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How To Fall Into A Deep Sleep Within Seconds

In general, adults should try to get a minimum of seven hours of sleep every night. And the first part of the puzzle is falling asleep. Most individuals take between 5 and 20 mins to fall asleep. However, things like a bedroom that is too bright or anxiety can extend the length of time it takes to fall asleep.

Try these three sleep-expert-approved methods that will help you hit the hay without delay.

1. Know What Your Chronotype Is

Your chronotype is the body’s natural inclination to be awake and sleep at certain times: Usually, you’re either an evening type, morning type, or neither.

Your chronotype is in part determined by genetics, but it might be modified by activity, age, your environment and the change of seasons.

And getting on the right sleep schedule that will suit your chronotype could benefit your sleep. For example, if you intuitively rise when the sun comes up, consider changing your bedtime up so you can get sufficient sleep before your natural wake-up.

On the other side, adapting a sleeping cycle that isn’t lined up with your natural rhythms might mess with your ability to fall asleep and sleep quality. And chronic lack of quality sleep may lead to emotional and physical issues such as fatigue, mood swings, irritability, impaired alertness, diabetes, heart attack, higher risk for high blood pressure, stroke or heart failure.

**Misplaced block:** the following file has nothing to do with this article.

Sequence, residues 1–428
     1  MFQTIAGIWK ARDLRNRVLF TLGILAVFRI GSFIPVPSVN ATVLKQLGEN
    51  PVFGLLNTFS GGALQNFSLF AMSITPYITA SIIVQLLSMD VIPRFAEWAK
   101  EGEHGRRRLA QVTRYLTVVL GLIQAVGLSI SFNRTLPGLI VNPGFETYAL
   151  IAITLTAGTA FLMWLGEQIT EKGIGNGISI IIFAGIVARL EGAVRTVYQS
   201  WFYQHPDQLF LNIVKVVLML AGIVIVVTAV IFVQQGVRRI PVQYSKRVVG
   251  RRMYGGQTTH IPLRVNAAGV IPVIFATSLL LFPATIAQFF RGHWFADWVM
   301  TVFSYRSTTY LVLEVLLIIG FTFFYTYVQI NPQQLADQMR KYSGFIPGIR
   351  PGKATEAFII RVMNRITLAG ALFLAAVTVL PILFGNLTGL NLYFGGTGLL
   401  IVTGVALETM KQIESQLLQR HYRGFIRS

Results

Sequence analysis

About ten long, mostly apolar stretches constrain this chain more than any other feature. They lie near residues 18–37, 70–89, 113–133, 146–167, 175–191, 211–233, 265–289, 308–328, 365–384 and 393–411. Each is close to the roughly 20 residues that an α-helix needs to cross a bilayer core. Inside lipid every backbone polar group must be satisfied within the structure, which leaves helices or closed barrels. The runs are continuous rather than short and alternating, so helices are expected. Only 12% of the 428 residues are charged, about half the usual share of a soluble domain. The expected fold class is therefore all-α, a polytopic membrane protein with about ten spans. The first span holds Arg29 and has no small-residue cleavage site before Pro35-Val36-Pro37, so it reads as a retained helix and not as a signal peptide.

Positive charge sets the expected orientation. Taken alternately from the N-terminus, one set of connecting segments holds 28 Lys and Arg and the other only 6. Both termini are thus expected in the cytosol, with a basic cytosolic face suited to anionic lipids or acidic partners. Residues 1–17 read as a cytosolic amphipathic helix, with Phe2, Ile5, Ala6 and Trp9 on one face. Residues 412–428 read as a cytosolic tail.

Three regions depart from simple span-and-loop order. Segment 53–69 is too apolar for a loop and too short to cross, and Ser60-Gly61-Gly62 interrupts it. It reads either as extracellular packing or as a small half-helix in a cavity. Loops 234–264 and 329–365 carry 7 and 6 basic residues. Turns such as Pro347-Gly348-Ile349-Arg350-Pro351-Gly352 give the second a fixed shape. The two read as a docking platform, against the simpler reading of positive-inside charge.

2. Attempt Power-Down Hour

A power-down hour will help wrap up your day and get you ready to go to sleep before bedtime. It can help your body decompress and send the message that it will soon be time to fall asleep.

You can break up the hour into three 20-min sessions in the following way: In the first 20 mins, complete light, uncompleted tasks like feeding a pet or cleaning dishes. In the second 20 mins, do something that will help you wind down, like talking to a friend, journaling, or doing a relaxation technique like meditating or deep breathing. And for the last 20 minutes, try to focus on your personal hygiene by taking a warm bath or brushing your teeth.

3. Practice Progressive Muscle Relaxation

The Progressive muscle relaxation technique is where you contract and then relax your muscles to release tension.

Progressive muscle relaxation can be done by tensing your muscles in your toes and then releasing them and slowly working your way up your body. Every time you tense your muscles, hold it for about five secs, then relax for 30 secs before moving to the next body part.

This and other relaxation methods may help you improve the quality of your sleep by encouraging changes in your body such as slowing your breathing rate, lowering activity of stress hormones, decreasing chronic pain and muscle tension and reducing your blood pressure.

Author: Scott Dowdy

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